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May 2012

Marrying the Elephant – The First Date Part 1

Starting a relationship with the elephant - when you have the long term intention to be acquired – is different than if you don’t have aspirations of being acquired. 

Elephant employee’s often have the luxury of making acquisition decisions based on who they want to work with – it’s not just about ROI. Not thinking future acquisition?  You can be pushy, demanding, manipulative, and even threatening at times.  Want to be acquired?  It’s okay to be pushy and demanding – but with a smile and a win-win approach.  It only takes one person in a position if influence to think you are not someone they want to work with – or that has doubts about if you can be trusted – and thoughts of acquisition are out the door – for years to come.  Over the years, I have seen a number of Autodesk partners with great technology – that would have made great high ROI and high growth acquisitions – not happen because the owner or a senior manager alienated a key Autodesk decision maker or two.  When you consider the long term value of the marriage to the elephant – five years later when most marriages really start “producing” – is all about the people, there is good reason to not pursue acquisition of companies with senior management you do not respect and trust.

 It’s frequently not clear who within the elephant’s organization will be the champion of the marriage (the “matchmaker”) and who are the parents and godfather that you will need blessings from for the marriage to move forward.  This means you will have not just one “first date” but a string of first dates. 

Who will you need to take out on a first date? 

It depends on the nature of your apps and technologies. 

If what you offer is a “feature” of an existing product the elephant has on the market, an incremental improvement, you’ll want to get dates with the Product Manager, and Product Line Manager.  As well as have an occasional cup of coffee with the head of the Product Division (likely someone with VP in their title) who is likely quick to encourage or discourage courtship.  Having a difficult time getting their attention?  Sometimes a senior sales manager working for the elephant can act as a matchmaker – pointing out large sales opportunities or losses that you could help them with.

Do you have what the elephant would see as a “whole new product”?  Don’t be too quick to say “yes”, as frequently small companies build businesses on products that appear to be “complete solutions” – but that the elephant would view as just a new feature set for an existing product.  If you really believe what you have is a new product, you need to get that first date with the Product Line Manager as well as the head of the Product Division.  You also want to get some awareness with a more senior person yet - - such as an Exec VP and/or the President – as they’ll likely be part of the review process for a significant acquisition and have “veto” ability.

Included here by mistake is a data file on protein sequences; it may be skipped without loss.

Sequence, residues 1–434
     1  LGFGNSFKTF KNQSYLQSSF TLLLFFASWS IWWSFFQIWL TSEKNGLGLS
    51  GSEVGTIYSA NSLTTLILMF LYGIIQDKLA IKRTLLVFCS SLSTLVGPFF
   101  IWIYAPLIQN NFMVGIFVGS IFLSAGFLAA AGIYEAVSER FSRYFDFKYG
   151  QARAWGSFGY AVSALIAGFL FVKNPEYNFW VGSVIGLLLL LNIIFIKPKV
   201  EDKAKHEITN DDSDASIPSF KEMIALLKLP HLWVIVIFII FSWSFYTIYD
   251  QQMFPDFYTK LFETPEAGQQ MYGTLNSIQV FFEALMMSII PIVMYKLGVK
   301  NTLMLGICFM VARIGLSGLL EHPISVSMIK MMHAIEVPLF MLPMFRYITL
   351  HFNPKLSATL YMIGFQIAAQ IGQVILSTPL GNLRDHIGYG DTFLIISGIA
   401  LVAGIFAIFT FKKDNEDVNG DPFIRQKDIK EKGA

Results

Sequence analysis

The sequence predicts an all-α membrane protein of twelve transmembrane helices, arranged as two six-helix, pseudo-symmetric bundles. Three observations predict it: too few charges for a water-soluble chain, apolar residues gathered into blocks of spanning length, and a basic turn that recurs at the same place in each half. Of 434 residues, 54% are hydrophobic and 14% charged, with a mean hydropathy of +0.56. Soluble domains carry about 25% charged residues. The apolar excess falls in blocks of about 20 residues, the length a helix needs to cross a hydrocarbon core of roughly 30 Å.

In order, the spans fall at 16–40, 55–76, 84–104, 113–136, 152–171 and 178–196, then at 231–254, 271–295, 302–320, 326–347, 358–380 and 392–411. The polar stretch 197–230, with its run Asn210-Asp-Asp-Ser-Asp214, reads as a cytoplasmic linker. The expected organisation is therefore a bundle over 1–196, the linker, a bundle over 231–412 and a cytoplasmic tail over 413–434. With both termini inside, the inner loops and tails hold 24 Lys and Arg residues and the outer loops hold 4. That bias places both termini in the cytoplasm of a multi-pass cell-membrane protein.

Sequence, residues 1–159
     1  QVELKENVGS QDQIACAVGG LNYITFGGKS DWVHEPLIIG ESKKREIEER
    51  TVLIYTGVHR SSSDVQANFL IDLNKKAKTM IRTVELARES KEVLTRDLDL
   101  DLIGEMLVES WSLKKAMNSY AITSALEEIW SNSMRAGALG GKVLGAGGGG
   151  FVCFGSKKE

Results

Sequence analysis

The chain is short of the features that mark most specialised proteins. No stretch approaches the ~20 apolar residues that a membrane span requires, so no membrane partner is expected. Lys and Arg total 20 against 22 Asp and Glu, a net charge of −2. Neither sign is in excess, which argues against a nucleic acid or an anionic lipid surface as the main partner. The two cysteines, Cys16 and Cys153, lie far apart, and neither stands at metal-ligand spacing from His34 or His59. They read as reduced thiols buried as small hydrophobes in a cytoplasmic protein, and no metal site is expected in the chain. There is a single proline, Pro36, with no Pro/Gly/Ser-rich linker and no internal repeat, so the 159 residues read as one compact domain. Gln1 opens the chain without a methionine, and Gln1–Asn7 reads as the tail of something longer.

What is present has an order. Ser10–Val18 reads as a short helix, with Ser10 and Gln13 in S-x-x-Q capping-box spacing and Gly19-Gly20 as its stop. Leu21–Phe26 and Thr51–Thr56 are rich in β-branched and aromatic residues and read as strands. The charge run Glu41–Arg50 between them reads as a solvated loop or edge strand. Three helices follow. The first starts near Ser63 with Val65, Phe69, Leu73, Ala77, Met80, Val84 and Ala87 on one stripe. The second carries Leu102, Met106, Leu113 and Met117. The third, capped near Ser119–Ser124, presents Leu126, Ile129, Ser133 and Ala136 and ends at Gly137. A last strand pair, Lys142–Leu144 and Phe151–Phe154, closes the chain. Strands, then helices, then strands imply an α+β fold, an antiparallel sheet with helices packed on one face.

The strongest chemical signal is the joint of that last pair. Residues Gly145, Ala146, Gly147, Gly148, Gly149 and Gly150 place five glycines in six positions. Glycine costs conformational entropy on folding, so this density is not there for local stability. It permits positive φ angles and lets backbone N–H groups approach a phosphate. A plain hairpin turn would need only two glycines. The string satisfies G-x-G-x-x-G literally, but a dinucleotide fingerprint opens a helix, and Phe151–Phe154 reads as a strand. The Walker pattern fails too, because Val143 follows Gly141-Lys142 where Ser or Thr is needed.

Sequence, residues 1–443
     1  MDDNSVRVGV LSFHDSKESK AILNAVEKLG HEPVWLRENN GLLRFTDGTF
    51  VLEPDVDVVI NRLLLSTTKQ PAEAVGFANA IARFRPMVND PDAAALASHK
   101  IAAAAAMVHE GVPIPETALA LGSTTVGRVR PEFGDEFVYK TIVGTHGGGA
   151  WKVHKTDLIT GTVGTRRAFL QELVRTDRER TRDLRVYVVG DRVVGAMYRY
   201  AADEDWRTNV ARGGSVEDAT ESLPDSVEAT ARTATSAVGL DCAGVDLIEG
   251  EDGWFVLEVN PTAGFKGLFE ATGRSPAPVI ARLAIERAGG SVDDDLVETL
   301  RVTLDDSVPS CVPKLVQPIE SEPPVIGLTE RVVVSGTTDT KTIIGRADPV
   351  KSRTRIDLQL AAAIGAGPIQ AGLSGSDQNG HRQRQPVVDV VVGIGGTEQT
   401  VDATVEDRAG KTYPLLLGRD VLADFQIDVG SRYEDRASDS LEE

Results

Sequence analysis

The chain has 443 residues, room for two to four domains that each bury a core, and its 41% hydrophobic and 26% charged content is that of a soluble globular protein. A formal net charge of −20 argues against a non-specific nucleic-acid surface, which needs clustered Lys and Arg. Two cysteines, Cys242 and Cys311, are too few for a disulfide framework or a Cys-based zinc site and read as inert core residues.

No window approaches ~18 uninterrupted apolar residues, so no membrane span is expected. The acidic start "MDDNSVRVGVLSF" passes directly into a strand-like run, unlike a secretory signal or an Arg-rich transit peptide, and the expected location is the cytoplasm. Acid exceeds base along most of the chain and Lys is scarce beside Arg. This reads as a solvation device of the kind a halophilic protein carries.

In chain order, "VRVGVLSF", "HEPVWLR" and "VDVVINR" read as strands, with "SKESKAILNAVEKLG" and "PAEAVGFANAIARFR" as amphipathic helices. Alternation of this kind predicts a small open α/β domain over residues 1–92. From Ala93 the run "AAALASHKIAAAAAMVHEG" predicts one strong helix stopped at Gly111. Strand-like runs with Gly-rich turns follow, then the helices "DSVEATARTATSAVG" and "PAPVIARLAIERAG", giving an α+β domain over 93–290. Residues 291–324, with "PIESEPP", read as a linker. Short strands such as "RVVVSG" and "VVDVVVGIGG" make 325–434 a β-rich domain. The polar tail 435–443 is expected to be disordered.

Are you in a related but quite different business then the elephant is engaged in today?  Do you really really think there is a strong compelling reason for the elephant to enter into this new business?  Is it really going to provide the elephant a strong LARGE long term growth opportunity or competitive advantage?  Again think hard about these questions, as many people are too quick to say “yes” when from the elephant’s perspective it’s often unclear, or downright unlikely.  If yes, it’s time to take the President and possibly an Exec VP of the elephant out for a cup of coffee to introduce them to the concept.  It’s rare you are going to get a mid-level manager to champion an acquisition outside their area of expertise – and rarer yet they will succeed.

All this talk of who to meet.  How do I get meetings with all these people?  In my next post.


Marrying the Elephant – Preparing for the First Date

Are you ready to be asked out?

Can you convince the elephant you are a way for them to quickly reach their goals – quicker than their building it themselves? 

Can you make a convincing case you can save them a few “lost years” developing rev 1 and then rev 2 – before they have a competitive rev 3 product?  Can you make the case acquiring you is a way to leapfrog internal development and their competition? 

Can you clearly state why your technology is better than your competitors? 

You can be assured the elephant will do both a make versus buy analysis – as well as consider what your competitors have to offer.

Are you pretty (or handsome)? 

Take a step back at look at the technology, team and company you are building and consider any “warts” you might have – from the elephant’s point of view.  It’s hard to take a step back and view your company – your baby – objectively from the elephant’s perspective – but you need to do it or you seriously risk getting blind-sided by the elephant having a point of you don’t understand and puts your company at risk.  Many companies get “professional help” evaluating their position as an acquisition candidate.

It’s time for a bit of corporate introspection and psychoanalysis.

Psychologist jokeDo you have products that elephant doesn’t value because they have similar products?  Overlapping products will best case lead to your placing a higher value on your company because of the products and sales of overlapping products – overlapping products the elephant may place little to no value in (not strategically important as they have a solution already.  Worst case an elephant may avoid talking to you about an acquisition at all because acquiring a company with overlapping product lines could lead to an expensive (for the elephant)  investigation by government entities that regulate competition (such as the Federal Trade Commission in the US and the European Commission on Competition in the EU).  Want to look attractive to the elephant? Minimize overlapping product capabilities.  And do it before you get the elephant thinking acquisition as they might find your competitors product offering more to their liking.